While the third season of Weeds is an entertaining one, the plot lines are beginning to delve into the ridiculous and ultra-convenient. Weeds is a great concept that is teetering on wearing out its welcome and becoming cumbersome and dull, but only if contrivances and highly unrealistic plot lines are not kept to a minimum in future episodes. What this third season does well, however, is to continue to bring each of your favorite characters from Agrestic deeper into the darkness that lies underneath their shiny, yuppie veneer as they become more privy to not only the business Nancy runs, but also as they maneuver one against the other for leverage, power, money, status, and a piece of the pot pie. The third season continues in its soap opera spectacle as twists and turns, almost too numerous to remember, permeate the story and continue to throw each and every character for a loop and Nancy's weed business into upheaval. Character development continues to be a strong suit of the show, and at less than thirty minutes each, individual episodes are easily digested and serve as a fine time killer, and the season as a whole is short enough to sprout an entire Weeds Marathon over the course of a lazy day. If season four can match the pace and freshness of this season, it should be a solid watch. However, the show in this third season does show signs of venturing too far out into left field. In my humble opinion (having binged today on season three), only by continuing to build on the solid foundation and level-headed writing present in the first two seasons, and for the most part in the third, not charting new territory that takes the characters out of their element and the audience out of its comfort zone, will Weeds continue to rate "high" among its dedicated fan base.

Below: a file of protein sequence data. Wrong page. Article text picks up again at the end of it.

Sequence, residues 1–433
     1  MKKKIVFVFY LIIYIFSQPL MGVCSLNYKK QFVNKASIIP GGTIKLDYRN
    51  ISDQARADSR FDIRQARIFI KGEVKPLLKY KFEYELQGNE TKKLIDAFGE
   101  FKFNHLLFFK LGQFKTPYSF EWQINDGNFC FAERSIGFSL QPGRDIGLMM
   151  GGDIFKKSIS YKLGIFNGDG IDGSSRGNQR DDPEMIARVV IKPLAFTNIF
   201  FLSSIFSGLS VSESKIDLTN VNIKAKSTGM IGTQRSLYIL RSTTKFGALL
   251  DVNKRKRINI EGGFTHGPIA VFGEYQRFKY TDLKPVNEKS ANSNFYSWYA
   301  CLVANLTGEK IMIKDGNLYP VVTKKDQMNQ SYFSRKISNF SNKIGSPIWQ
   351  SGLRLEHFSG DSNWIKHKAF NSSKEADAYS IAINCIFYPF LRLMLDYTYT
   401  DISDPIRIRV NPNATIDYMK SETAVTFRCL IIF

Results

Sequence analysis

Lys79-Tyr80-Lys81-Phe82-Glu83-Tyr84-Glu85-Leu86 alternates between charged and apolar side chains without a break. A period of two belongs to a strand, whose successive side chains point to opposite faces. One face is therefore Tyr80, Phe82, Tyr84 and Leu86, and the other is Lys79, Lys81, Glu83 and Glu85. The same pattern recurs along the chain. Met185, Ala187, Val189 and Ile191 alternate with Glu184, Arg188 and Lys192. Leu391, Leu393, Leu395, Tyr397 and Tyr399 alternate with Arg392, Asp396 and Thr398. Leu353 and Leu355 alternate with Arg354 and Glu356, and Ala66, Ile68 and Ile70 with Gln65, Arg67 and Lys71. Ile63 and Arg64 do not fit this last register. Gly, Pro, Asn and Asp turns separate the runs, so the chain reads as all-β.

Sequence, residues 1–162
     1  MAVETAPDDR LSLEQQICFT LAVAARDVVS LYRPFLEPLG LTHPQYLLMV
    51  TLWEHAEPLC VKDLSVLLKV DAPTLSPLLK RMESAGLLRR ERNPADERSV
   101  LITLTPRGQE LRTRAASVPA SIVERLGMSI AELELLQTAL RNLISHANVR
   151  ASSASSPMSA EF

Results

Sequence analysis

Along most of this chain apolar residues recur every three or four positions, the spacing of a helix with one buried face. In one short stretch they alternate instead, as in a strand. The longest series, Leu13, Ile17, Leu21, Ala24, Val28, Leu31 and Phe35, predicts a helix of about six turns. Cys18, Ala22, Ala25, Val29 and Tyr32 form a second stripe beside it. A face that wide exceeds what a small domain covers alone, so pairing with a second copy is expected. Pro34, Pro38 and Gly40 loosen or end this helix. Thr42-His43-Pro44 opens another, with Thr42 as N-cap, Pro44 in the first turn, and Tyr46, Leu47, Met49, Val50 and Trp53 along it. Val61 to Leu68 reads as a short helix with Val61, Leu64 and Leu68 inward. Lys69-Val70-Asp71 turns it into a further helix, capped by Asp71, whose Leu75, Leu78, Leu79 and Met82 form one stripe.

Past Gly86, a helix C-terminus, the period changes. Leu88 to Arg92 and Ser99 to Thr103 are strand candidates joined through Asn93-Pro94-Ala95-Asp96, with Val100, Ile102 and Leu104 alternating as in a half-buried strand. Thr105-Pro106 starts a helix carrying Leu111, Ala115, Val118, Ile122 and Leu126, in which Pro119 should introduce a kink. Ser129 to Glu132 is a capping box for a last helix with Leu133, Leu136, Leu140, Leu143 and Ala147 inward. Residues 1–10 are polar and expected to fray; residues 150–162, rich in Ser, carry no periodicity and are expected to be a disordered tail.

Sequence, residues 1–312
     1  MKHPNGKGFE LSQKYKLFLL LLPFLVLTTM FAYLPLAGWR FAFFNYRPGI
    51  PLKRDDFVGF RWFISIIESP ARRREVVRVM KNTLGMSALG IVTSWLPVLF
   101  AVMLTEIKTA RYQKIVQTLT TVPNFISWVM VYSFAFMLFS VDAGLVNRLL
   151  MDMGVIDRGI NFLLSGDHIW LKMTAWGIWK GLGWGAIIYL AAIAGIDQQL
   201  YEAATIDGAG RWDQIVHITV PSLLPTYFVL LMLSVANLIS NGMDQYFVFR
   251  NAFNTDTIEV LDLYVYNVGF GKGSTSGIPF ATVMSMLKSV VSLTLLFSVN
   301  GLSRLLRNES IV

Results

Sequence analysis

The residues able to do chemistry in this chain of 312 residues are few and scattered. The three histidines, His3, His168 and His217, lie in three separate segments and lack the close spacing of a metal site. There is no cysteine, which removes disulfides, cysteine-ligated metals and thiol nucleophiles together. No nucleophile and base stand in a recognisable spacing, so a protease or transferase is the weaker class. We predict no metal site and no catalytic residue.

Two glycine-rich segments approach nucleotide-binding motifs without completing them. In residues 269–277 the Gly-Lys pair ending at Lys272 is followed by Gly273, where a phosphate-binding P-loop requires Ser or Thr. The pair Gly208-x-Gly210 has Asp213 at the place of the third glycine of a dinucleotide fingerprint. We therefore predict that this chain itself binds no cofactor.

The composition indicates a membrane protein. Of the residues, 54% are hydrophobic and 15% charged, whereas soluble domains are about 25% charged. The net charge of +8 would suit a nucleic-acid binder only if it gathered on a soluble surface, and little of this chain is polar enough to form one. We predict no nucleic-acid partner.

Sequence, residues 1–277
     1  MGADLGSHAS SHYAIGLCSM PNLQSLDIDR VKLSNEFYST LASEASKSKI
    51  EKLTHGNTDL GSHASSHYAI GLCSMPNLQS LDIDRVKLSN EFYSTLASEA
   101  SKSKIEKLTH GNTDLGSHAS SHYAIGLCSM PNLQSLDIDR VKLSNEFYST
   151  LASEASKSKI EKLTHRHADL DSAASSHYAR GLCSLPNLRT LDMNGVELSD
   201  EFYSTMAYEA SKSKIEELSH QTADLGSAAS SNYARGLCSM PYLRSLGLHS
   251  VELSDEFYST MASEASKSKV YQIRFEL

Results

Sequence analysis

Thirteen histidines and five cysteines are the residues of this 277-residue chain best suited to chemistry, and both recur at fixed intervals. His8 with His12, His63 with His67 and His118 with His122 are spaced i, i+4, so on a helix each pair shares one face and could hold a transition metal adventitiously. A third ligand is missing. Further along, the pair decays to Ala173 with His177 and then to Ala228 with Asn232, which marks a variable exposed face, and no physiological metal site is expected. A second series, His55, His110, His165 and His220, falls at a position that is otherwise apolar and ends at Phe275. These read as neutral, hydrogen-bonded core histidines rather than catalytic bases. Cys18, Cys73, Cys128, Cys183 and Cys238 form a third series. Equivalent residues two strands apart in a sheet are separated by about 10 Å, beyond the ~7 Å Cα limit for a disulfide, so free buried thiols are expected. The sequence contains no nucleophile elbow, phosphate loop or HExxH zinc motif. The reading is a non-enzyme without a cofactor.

Weeds: Season Three Blu-ray, Video Quality
Weeds: Season 3 is presented on Blu-ray high definition in a 1080p, 1.78:1 framed transfer. The strength of this video transfer is in its clarity and colors. The image has a generally realistic appearance and there are many times where you'll experience that wonderful feeling of actually being in the many locales around Agrestic. Black levels are as solid as to be expected, although most of the show is bright, well-lit, and features little opportunity to showcase any deep blacks. A nighttime scene at a gas station in episode two is one of the better examples of solid blacks, but the scene is still lit by the bright lights of the station. Detail is solid in every episode. Check out Nancy's denim jacket worn about halfway through episode two, and the Army fatigues and dress uniforms seen in various places throughout the season. The color is great, and the stitches, buttons, patches, and adornments on clothing all stand out wonderfully. Background detail is a bit soft, but the overall quality here is very high. Flesh tones are somewhat pink, and the image is somewhat flat. Grain isn't visible over most shots, but a few exhibit a rather heavy grain field. Check out the 25:40 mark in episode one for an example. Lionsgate has delivered another winner, and this is the best looking season of Weeds on Blu-ray yet, barely surpassing season two.